Visual history of Windows
- Windows 1.0 (1985) Where it all began: Windows 1.0 introduced a GUI, mouse support, and important apps.
- Windows 2.0 (1987) Windows 2.0 continued 16-bit computing with VGA graphics and the first versions of Word and Excel
- Windows 3.0 (1990) Windows 3.0 included a better UI with new Program and File managers. Minesweeper also arrived with the 3.1 update
- Windows NT 3.5 (1994) Windows NT 3.5 was the second release of NT, and it really marked Microsoft's push into business computing with important security and file sharing features.
- Windows 95 (1995) Windows 95 was one of the most significant updates to Windows. Microsoft moved to a 32-bit architecture and introduced the Start menu. A new era of apps emerged, and Internet Explorer arrived in an update to Windows 95.
- Windows 98 (1998) Windows 98 built on the success of Windows 95 by improving hardware support and performance. Microsoft was also focused on the web at its launch, and bundled apps and features like Active Desktop, Outlook Express, Frontpage Express, Microsoft Chat, and NetMeeting.
- Windows ME (2000) Windows ME focused on multimedia and home users, but it was unstable and buggy. Windows Movie Maker first appeared in ME, alongside improved versions of Windows Media Player and Internet Explorer.
- Windows 2000 (2000) Windows 2000 was designed for client and server computers within businesses. Based on Windows NT, it was designed to be secure with new file protection, a DLL cache, and hardware plug and play.
- Windows XP (2001) Windows XP really combined Microsoft's home and business efforts. Windows XP was designed for client and server computers within businesses. Based on Windows NT, it was designed to be secure with new file protection, a DLL cache, and hardware plug and play.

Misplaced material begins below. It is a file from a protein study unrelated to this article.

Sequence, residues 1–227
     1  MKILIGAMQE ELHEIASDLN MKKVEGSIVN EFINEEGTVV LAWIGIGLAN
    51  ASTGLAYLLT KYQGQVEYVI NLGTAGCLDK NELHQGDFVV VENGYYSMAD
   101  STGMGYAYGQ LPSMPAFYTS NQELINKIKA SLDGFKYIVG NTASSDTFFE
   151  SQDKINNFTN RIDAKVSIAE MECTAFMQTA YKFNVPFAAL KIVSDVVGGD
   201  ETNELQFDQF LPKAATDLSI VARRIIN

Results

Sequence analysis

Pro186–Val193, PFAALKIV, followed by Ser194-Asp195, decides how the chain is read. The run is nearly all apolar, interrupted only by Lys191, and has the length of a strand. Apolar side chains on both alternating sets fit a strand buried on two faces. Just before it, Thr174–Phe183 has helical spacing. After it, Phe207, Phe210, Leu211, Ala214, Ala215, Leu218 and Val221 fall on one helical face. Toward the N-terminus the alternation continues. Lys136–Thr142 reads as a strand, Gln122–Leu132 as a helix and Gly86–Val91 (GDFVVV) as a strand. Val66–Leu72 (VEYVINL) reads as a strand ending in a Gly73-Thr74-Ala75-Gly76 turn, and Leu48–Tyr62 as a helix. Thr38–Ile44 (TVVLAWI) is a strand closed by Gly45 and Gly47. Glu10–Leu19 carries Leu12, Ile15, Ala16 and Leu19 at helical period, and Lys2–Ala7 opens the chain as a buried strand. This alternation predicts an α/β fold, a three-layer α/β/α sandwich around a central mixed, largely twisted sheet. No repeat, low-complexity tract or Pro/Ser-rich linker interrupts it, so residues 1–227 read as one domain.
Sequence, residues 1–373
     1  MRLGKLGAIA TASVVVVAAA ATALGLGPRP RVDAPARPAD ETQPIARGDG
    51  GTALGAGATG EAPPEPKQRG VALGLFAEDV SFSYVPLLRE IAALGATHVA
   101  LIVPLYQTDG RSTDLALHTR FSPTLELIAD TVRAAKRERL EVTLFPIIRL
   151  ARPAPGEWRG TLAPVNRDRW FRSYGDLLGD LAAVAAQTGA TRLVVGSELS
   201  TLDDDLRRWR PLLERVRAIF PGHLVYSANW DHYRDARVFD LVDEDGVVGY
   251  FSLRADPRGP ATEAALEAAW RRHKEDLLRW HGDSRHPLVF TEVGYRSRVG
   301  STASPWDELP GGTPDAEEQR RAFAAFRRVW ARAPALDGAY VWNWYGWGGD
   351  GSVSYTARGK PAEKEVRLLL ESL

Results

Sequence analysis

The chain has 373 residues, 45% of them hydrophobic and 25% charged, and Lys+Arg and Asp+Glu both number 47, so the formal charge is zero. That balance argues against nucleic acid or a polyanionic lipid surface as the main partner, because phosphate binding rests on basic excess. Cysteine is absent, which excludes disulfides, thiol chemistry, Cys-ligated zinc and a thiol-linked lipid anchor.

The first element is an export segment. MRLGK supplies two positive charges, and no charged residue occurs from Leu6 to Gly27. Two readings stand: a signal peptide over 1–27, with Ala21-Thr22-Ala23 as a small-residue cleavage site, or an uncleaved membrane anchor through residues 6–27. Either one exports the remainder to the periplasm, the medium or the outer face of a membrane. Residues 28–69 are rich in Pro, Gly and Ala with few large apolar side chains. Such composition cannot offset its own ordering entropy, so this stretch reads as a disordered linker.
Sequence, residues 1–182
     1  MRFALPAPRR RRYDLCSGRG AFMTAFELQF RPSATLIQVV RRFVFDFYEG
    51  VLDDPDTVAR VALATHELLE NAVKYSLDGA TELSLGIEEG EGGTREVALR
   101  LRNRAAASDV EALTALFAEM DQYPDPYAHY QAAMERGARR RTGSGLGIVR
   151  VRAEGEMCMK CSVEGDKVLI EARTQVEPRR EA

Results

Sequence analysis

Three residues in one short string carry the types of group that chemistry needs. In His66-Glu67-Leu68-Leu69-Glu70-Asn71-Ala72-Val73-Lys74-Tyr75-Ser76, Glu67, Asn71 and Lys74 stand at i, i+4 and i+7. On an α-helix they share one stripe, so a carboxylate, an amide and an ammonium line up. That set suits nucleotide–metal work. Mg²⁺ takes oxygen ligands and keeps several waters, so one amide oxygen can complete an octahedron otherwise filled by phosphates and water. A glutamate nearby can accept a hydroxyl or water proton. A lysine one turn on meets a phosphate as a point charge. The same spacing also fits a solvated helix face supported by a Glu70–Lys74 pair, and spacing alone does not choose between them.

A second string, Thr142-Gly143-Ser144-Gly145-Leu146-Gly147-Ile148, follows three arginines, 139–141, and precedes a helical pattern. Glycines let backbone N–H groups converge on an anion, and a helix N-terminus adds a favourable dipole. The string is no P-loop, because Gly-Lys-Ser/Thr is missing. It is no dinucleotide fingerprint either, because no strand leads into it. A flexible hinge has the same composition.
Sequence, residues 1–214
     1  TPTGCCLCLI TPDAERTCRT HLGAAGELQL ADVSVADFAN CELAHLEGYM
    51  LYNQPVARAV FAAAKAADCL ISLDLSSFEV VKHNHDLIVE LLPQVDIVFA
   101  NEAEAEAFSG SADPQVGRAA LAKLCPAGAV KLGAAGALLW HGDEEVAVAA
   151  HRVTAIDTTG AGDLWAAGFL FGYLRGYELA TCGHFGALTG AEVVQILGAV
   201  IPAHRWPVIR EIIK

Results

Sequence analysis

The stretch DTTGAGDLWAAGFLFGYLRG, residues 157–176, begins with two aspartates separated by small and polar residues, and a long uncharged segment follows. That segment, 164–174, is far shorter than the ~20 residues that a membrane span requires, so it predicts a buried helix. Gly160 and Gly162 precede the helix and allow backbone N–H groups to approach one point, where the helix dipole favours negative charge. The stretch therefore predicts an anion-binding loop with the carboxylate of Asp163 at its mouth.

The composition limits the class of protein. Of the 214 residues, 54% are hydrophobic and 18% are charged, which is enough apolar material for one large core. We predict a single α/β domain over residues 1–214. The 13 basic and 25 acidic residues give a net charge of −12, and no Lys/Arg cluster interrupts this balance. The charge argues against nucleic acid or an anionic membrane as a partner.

- Windows Vista (2007) Windows Vista was poorly received like ME. While Vista introduced a new Aero UI and improved security features, Microsoft took around six years to develop Windows Vista and it only worked well on new hardware. User account control was heavily criticized, and Windows Vista remains part of the bad cycle of Windows releases.
- Windows 7 (2009) Windows 7 arrived in 2009 to clean up the Vista mess. Microsoft did a good job of performance, while tweaking and improving the user interface and making user account control less annoying. Windows 7 is now one of the most popular versions of Windows.
- Windows 8 (2012) Windows 8 was a drastic redesign of the familiar Windows interface. Microsoft removed the Start menu and replace it with a fullscreen Start Screen. New “Metro-style” apps were designed to replace aging desktop apps, and Microsoft really focused on touch screens and tablet PCs. It was a little too drastic for most desktop users, and Microsoft had to rethink the future of Windows.
- Windows 10 (2015) Back to the Start: Windows 10 brings back the familiar Start menu, and introduces some new features like Cortana, Microsoft Edge, and the Xbox One streaming to PCs. It's more thoughtfully designed for hybrid laptops and tablets, and Microsoft has switched to a Windows as a service model to keep it regularly updated in the future.